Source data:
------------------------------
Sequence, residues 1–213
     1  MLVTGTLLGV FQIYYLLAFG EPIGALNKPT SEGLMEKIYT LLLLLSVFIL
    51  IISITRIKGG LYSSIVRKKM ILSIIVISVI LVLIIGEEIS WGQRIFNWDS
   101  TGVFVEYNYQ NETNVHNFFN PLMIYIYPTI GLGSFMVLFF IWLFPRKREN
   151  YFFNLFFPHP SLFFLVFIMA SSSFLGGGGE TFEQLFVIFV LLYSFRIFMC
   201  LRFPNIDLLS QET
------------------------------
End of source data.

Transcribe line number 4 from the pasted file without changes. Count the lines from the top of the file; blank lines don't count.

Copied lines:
   101  TGVFVEYNYQ NETNVHNFFN PLMIYIYPTI GLGSFMVLFF IWLFPRKREN